Denmark has topped a list of 10 countries when looking at hand hygiene practices during meal preparation.
The rank of countries regarding proper hand hygiene practices was: Denmark, Greece, Norway, Romania, Hungary, Germany, UK, Portugal, France, and Spain, according to a study published in the journal BMC Public Health.
Objectives were to evaluate which demographic groups are more likely to be exposed to foodborne pathogens and assess consumers’ self-reported hand hygiene practices.
Families with members aged over 65 were less likely to apply hand hygiene practices at key moments than those without elderly members. Families with children under 6 years old reported being up to twice as likely to wash their hands at critical times compared to those without kids.
“It is worrying that about half of the respondents seem to have insufficient handwashing routines to protect themselves and their family members from foodborne infection,” said researchers.
Not washing hands for long enough
Monitoring handwashing practices can be done by observation or video recording, by measuring soap consumption or in self-reported surveys. All these approaches have strengths and weaknesses, said scientists.
Questions used were part of a larger survey conducted between December 2018 and April 2019 in the European Safe Consume project.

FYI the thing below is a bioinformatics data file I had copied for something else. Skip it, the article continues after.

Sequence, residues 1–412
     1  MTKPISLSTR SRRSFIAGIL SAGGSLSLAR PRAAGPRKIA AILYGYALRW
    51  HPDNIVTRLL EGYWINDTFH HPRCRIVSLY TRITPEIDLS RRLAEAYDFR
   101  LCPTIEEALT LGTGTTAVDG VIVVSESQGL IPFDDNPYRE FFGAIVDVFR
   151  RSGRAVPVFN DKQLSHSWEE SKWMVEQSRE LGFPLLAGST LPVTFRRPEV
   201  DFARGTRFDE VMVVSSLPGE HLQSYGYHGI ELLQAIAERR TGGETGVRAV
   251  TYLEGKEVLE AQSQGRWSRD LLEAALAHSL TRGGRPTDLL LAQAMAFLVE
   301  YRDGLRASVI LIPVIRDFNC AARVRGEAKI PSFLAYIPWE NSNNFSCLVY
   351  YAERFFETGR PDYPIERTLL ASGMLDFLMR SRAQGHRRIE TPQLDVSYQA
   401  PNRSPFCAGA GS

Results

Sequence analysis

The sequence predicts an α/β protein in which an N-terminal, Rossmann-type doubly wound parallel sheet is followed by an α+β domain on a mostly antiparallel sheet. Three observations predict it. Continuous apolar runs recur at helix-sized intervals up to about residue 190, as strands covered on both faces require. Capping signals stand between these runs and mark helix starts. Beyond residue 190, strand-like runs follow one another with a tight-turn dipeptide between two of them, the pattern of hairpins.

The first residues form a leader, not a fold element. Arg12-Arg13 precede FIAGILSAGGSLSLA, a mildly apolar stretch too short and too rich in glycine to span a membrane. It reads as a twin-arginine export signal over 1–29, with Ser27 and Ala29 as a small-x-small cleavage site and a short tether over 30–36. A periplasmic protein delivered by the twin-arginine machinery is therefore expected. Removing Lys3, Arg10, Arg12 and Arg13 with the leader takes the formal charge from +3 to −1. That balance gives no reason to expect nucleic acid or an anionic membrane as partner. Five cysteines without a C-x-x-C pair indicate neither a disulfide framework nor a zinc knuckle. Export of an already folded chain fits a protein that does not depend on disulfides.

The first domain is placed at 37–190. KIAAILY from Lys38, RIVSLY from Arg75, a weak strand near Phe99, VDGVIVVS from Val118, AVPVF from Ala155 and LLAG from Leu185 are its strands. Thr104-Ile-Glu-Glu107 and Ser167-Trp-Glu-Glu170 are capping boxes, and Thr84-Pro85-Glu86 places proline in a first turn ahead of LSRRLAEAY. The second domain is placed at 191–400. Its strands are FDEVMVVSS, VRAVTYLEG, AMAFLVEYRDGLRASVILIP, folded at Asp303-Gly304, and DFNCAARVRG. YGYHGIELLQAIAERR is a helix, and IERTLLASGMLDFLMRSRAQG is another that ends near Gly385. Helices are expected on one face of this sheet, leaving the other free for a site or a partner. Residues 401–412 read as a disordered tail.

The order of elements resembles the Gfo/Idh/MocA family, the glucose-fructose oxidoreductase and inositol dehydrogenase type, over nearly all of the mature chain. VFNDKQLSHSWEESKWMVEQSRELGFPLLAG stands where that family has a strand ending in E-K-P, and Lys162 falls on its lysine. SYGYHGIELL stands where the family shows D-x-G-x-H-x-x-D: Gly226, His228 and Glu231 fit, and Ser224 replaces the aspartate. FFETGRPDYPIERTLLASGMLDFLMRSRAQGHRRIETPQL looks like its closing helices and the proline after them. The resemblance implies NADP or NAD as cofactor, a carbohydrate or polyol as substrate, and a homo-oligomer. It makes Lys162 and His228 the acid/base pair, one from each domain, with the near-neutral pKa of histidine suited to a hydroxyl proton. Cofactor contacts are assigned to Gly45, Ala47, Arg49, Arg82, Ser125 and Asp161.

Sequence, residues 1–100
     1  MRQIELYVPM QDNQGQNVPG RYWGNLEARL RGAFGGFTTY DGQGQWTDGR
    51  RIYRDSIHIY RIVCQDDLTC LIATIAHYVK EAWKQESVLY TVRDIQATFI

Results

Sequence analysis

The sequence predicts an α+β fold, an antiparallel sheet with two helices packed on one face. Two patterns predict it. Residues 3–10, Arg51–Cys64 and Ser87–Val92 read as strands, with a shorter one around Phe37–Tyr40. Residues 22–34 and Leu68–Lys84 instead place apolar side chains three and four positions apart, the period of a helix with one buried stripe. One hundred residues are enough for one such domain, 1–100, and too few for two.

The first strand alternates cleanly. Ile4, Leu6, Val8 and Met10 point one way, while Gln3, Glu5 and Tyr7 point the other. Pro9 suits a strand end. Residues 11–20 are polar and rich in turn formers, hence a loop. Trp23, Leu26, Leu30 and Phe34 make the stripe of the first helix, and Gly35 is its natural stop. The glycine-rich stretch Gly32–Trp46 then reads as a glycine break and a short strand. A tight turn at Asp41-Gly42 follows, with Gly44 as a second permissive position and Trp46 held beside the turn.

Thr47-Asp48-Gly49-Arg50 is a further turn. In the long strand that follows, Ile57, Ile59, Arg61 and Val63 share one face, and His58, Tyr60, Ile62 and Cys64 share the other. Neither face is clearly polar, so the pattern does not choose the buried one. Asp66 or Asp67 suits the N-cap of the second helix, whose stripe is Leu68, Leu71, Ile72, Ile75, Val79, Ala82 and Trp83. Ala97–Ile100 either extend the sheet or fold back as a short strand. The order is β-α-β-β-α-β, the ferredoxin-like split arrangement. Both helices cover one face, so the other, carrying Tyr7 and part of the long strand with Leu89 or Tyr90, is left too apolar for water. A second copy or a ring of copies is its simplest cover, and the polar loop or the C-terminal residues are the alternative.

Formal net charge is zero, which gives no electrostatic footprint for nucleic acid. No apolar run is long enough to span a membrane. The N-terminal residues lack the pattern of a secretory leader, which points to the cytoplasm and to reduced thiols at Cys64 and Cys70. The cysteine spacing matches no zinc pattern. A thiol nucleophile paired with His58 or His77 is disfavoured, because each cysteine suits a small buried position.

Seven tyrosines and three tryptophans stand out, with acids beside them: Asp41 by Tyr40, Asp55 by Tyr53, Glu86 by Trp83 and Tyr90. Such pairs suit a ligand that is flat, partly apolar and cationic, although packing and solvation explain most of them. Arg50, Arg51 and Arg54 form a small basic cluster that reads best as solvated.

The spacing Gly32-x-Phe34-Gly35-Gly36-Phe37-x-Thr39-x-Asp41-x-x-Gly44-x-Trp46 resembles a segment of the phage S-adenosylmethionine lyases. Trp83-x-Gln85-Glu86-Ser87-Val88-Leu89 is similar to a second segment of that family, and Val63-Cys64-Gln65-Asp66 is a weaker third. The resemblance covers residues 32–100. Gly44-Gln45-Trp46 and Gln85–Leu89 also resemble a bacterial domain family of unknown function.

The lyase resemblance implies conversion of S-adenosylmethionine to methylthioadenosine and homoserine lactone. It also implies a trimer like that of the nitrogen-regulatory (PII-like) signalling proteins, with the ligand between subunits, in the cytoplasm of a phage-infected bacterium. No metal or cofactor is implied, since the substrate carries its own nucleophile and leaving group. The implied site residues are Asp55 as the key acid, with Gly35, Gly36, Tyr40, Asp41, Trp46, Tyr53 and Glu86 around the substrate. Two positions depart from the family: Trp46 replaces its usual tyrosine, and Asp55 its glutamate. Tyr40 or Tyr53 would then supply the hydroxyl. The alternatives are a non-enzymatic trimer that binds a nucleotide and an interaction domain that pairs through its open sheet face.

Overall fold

Almost half of 7,866 respondents self-reported that they wash hands after touching raw chicken. Half of the participants washed hands with soap, however, only 15.1 percent respected the recommended duration of 20 seconds. It is advised people sing the Happy Birthday song twice to hit this time target.
High percentages of self-reported handwashing were noticed after going to the toilet and after touching something that may harbor pathogens. Only three quarters wash hands after touching raw meat or eggs.
More than half of 9,966 respondents self-reported washing hands with water and soap, as is recommended by official agencies.
Older respondents above 35 years of age were more likely to report proper hand hygiene practices than younger people. Those with a middle/high level of education were almost three times more inclined to report adequate hygiene practices at key moments, including during raw chicken preparation.
Handwashing and specific practices
The likelihood of washing hands after handling raw chicken was more than 60 percent for Danish respondents. Similar results were found for British, Greek, and Norwegian citizens.
After touching raw chicken, only 294 of 916 British respondents said they wash hands with regular soap. However, the highest frequency of washing hands for at least 20 seconds was for British respondents, while the lowest percentage was for Hungarians.
Percentages reporting handwashing after touching or feeding animals ranged from 51.3 in Denmark to 69.4 percent in Hungary.
Brits, Greeks, and Romanians were more likely to use antibacterial soap. Romanian and Greek respondents had the highest frequencies in terms of duration of handwashing.
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